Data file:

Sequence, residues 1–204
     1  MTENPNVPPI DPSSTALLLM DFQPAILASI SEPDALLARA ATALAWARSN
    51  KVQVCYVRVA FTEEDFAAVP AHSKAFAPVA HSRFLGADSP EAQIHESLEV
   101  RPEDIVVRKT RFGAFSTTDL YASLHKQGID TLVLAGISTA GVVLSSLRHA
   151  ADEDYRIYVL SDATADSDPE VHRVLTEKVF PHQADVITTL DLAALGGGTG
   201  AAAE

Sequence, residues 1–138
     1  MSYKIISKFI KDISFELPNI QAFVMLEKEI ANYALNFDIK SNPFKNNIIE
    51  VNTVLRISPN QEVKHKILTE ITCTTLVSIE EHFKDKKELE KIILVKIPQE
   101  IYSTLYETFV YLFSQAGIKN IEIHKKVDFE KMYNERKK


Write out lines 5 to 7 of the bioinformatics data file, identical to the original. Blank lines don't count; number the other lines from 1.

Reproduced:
   151  ADEDYRIYVL SDATADSDPE VHRVLTEKVF PHQADVITTL DLAALGGGTG
   201  AAAE

Sequence, residues 1–138